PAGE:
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The website provides comprehensive information about two projects dealing with child trafficking – ARECHIVIC and CONFRONT. The first one – ARECHIVIC has already finished, while CONFRONT is still in progress. The integration of results from these projects is helpful in order to give better understanding of the issue of child trafficking within the European Union. Although, both projects` main topic was child trafficking, they approach this problem differently.

The website aims to contribute to counter-trafficking efforts by providing evidence based information on the extent of child trafficking in several EU Member states, offering in depth analysis on new trends in child trafficking and providing assessments and assessment tools on the mechanisms for child victim support, protection and reintegration. As such it supports the application of the EU Directive which prompts Member States to conduct research on new forms of trafficking and supports the implementation of the EU Strategy which calls on member states to strengthen child protection systems and ensure effective monitoring of national counter-trafficking strategies and activities.

The information and tools presented at this website are produced over the course of two EU funded initiatives – Assisting and reintegrating children victims of trafficking: promotion and evaluation of best practices in source and destination countries (ARECHIVIC) and Countering new forms of Roma children trafficking: Participatory approach (CONFRONT).

Within the ARECHIVIC initiative, six partner organizations, assessed the policy, legal and institutional framework for assistance and reintegration of child victims of trafficking in six countries – Austria, Bulgaria, Hungary, Italy, Slovak Republic and Sweden. Country and comparative evaluations analyzed the effectiveness of child victim’s assistance and its compatibility with fundamental rights of the child and iinternational standards for child protection. Methodologies for monitoring and evaluation of child victims support, protection and reintegration were developed and are now available for practitioners and policy makers. In addition, criteria and example of good practices in child victims support and reintegration are illustrated.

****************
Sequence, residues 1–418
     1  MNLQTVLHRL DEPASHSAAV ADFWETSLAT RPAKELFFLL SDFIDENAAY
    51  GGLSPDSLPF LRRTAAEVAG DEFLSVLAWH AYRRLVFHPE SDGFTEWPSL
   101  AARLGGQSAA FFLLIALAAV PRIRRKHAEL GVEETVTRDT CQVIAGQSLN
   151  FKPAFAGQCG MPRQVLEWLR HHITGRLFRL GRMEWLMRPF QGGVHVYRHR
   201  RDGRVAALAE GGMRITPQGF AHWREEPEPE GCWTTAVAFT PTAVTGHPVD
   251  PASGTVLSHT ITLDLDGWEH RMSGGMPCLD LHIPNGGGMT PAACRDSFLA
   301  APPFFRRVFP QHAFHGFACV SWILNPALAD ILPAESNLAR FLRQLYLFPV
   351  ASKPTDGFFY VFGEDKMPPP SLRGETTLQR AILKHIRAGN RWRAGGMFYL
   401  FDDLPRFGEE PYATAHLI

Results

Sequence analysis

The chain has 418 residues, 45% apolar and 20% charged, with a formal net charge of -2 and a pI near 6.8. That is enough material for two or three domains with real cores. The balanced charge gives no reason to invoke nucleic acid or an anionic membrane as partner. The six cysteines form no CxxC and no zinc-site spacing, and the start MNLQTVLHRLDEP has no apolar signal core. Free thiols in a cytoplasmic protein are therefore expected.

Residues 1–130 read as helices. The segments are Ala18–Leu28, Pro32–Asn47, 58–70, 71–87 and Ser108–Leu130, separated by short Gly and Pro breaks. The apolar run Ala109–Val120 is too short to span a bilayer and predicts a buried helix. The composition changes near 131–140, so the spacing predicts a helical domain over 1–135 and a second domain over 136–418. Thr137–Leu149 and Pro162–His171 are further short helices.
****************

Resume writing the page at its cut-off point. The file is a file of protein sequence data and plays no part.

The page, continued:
The second project – Countering new forms of Roma children trafficking: Participatory approach (CONFRONT) presents information on three specific forms of child trafficking: child begging, pickpocketing and sexual exploitation of boys. The initiative pays special attention to the vulnerability of Roma communities to these forms of trafficking and presents innovative participatory research techniques to build the capacities of Roma communities to act as equal partner in counter-trafficking policy development and implementation. The initiative will provide evidence based analysis on the extend of the three forms of child trafficking in seven countries (Austria, Bulgaria, Hungary, Greece, Italy, Romania and Slovakia), the factors of vulnerability that make Roma communities at risk, the mechanisms of recruitment and exploitation of victims. In addition, recommendations based on assessments in the seven countries and piloting initiatives for improved child victims assistance in Austria and Bulgaria will help promote an enhance system of child victim support, which adequately involves the Roma communities and addresses the specific needs of Roma children victims of trafficking.